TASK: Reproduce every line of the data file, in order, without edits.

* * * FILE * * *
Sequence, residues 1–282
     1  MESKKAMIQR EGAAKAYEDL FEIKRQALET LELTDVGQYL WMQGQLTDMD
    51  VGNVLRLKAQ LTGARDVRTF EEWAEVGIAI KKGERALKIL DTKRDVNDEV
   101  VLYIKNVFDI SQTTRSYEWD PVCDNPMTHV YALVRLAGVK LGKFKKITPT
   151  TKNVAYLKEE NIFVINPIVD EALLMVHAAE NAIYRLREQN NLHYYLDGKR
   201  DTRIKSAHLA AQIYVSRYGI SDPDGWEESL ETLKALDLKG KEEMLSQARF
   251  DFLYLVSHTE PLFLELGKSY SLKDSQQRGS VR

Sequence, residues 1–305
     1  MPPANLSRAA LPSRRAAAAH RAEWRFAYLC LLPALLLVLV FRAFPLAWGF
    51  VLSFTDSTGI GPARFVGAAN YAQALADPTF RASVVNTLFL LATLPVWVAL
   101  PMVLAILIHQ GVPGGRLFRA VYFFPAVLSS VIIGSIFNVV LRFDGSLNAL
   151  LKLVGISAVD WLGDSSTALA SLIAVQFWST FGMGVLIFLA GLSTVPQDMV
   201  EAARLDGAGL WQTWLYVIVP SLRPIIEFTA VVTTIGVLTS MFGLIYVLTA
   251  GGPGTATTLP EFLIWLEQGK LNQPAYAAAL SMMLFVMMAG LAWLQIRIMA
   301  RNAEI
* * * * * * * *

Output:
Sequence, residues 1–282
     1  MESKKAMIQR EGAAKAYEDL FEIKRQALET LELTDVGQYL WMQGQLTDMD
    51  VGNVLRLKAQ LTGARDVRTF EEWAEVGIAI KKGERALKIL DTKRDVNDEV
   101  VLYIKNVFDI SQTTRSYEWD PVCDNPMTHV YALVRLAGVK LGKFKKITPT
   151  TKNVAYLKEE NIFVINPIVD EALLMVHAAE NAIYRLREQN NLHYYLDGKR
   201  DTRIKSAHLA AQIYVSRYGI SDPDGWEESL ETLKALDLKG KEEMLSQARF
   251  DFLYLVSHTE PLFLELGKSY SLKDSQQRGS VR

Sequence, residues 1–305
     1  MPPANLSRAA LPSRRAAAAH RAEWRFAYLC LLPALLLVLV FRAFPLAWGF
    51  VLSFTDSTGI GPARFVGAAN YAQALADPTF RASVVNTLFL LATLPVWVAL
   101  PMVLAILIHQ GVPGGRLFRA VYFFPAVLSS VIIGSIFNVV LRFDGSLNAL
   151  LKLVGISAVD WLGDSSTALA SLIAVQFWST FGMGVLIFLA GLSTVPQDMV
   201  EAARLDGAGL WQTWLYVIVP SLRPIIEFTA VVTTIGVLTS MFGLIYVLTA
   251  GGPGTATTLP EFLIWLEQGK LNQPAYAAAL SMMLFVMMAG LAWLQIRIMA
   301  RNAEI